There are some southern foods, like biscuits and corn pudding, that have gained such a heightened perfection in our minds that we shy away from them in the kitchen. Fried green tomatoes are like that. We know how we’ve been taught to like them – edges crisp and gritty with cornmeal, and tangy succulent bellies – and if we don’t know how to achieve this, then why make them at all?
So I confess. As a Yankee, I threw caution to the wind and bastardized the hell out of my green tomatoes. Instead of a flour or cornmeal coating, I went for a jagged cloak of panko and Parmesan, which crisped beautifully and tasted deliciously of toasted, nutty cheese. Although I did follow one Southern trick, learned from Beans, Greens, Sweet Georgia Peaches – to not only salt the tomatoes in advance, but also sugar them, too. Half an hour before cooking, you add this seasoning combo, which draws out some of the moisture and also balances the tart sting of a green tomato with a nod of sweetness. One last cheat: I turned to my non-stick pan over my cast-iron. I didn’t want even a crumb of the crust to be left attached to the pan and not in my mouth. —Amanda Hesser
medium green tomatoes, cored and cut into ¼-inch-thick slices
large eggs, lightly beaten
freshly grated Parmesan cheese, plus more for serving
olive oil, plus more if needed
unsalted butter, plus more if needed
Lay the tomato slices on a baking sheet and sprinkle generously (like you’re seasoning a steak) with both salt and sugar. Turn over the slices and season the other sides. Let sit for 30 minutes.
Have a large non-stick sauté pan on the stove. Add the beaten egg to a wide shallow bowl. Combine the panko and Parmesan in another wide shallow bowl. Set them near the stove. Lay the tomato slices on paper towel, top with another layer of paper towel and press on the tomatoes to dry them well. Season the slices again with a little salt. Working one at a time, dip the tomatoes in egg, then the panko-Parmesan mixture. Really press and pat the panko into the tomatoes. Set the tomatoes on a clean baking sheet.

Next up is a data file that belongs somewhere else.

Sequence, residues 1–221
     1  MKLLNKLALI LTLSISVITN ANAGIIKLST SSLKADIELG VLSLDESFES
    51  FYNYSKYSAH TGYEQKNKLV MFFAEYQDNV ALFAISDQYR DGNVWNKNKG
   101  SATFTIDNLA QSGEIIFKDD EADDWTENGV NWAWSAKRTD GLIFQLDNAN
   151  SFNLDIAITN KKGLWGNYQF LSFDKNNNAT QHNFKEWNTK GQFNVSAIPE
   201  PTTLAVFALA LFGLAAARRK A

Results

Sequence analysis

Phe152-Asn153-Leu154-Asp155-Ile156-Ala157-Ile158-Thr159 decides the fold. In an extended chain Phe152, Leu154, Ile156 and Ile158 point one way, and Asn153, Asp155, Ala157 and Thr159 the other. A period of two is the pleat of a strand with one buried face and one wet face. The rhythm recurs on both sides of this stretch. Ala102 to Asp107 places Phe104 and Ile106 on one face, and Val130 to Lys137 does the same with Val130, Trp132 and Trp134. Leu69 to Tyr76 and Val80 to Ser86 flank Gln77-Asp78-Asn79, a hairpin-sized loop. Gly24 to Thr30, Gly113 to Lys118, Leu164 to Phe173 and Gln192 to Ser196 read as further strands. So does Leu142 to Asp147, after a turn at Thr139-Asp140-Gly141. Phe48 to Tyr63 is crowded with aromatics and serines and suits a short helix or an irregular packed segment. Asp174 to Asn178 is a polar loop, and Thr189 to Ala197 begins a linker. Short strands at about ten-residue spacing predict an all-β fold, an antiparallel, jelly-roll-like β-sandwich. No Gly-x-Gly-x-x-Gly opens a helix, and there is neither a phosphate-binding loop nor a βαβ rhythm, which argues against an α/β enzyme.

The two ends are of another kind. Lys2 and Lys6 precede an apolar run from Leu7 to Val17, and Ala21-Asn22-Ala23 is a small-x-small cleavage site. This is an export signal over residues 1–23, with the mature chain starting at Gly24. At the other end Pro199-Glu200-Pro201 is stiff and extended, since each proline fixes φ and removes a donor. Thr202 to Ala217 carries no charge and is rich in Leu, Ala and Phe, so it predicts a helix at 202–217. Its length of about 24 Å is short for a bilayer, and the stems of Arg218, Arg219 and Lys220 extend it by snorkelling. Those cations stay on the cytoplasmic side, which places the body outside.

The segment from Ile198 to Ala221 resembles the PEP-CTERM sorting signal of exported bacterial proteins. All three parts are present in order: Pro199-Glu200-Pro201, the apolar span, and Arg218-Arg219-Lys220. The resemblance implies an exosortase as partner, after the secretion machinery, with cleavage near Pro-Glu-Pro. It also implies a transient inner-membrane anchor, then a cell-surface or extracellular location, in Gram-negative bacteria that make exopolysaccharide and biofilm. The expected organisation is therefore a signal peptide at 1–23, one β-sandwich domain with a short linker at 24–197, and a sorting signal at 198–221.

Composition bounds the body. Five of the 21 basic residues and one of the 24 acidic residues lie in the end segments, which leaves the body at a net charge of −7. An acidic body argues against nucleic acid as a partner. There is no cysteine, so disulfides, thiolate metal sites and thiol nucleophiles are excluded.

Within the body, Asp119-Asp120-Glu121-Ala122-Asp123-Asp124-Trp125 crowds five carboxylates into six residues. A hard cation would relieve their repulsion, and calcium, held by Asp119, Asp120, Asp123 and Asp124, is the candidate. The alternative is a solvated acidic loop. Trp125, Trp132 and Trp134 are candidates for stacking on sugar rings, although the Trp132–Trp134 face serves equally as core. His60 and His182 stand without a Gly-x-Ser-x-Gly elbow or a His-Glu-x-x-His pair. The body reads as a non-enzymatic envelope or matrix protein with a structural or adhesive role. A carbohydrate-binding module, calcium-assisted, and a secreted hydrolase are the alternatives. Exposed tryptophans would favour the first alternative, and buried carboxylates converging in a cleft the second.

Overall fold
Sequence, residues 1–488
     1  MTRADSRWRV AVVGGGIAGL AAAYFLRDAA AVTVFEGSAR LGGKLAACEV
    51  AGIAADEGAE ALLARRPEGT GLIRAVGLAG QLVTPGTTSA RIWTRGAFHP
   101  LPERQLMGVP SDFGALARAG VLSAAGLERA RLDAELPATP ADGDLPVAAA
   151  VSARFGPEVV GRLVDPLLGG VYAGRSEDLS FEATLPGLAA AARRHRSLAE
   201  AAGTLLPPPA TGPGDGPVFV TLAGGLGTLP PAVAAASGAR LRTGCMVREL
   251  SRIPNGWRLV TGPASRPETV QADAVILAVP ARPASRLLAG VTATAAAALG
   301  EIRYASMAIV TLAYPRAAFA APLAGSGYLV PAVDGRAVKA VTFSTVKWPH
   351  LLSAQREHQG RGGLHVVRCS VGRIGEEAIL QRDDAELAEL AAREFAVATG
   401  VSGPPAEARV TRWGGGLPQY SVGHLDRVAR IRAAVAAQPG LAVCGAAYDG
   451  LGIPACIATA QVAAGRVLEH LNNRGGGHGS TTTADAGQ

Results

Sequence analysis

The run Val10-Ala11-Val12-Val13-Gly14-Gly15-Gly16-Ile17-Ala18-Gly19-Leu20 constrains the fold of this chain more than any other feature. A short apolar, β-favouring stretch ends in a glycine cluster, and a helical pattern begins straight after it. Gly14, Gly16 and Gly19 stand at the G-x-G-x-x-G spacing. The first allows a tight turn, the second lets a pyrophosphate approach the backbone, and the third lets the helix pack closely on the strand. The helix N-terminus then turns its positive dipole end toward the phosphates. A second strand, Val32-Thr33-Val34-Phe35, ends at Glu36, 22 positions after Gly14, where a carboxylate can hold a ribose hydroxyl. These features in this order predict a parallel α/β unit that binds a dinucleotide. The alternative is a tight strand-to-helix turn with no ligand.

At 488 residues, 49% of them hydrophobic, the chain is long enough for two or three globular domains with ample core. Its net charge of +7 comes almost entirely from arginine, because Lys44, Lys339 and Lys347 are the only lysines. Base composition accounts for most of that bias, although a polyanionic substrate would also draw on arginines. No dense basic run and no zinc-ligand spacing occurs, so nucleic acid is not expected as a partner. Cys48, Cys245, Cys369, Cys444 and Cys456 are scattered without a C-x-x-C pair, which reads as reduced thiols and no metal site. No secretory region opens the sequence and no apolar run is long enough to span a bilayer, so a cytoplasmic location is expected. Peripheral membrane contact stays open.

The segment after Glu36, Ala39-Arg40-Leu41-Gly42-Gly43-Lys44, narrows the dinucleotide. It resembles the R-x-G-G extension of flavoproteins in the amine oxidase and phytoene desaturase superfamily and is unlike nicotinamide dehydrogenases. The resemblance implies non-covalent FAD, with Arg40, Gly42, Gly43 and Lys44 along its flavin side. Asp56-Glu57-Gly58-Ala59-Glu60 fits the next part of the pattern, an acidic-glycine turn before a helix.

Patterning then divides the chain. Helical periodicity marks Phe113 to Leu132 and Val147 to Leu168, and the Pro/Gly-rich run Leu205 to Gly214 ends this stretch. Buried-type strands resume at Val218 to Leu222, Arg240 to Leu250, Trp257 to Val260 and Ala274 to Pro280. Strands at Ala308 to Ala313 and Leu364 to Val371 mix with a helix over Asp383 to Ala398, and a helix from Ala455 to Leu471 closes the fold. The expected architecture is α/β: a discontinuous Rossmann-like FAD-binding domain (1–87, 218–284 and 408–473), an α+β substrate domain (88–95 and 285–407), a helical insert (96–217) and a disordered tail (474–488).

Heat the sauté pan over medium-high heat, and add the olive oil and butter. When the foam subsides, add the tomatoes, enough to cover the base of the pan in a single layer. Let them be for a few minutes and when you see browning on the egde, check the tomatoes. You want a nut brown crust. Turn them and brown the other side. Keep working in batches, adding more oil and butter to the pan as needed, and transfer the tomatoes to a warm serving platter. Grind (coarsely!) fresh pepper on top, sprinkle with extra cheese, and serve!
Before starting Food52 with Merrill, I was a food writer and editor at the New York Times. I've written several books, including "Cooking for Mr. Latte" and "The Essential New York Times Cookbook." I played myself in "Julie & Julia" -- hope you didn't blink, or you may have missed the scene! I live in Brooklyn with my husband, Tad, and twins, Walker and Addison.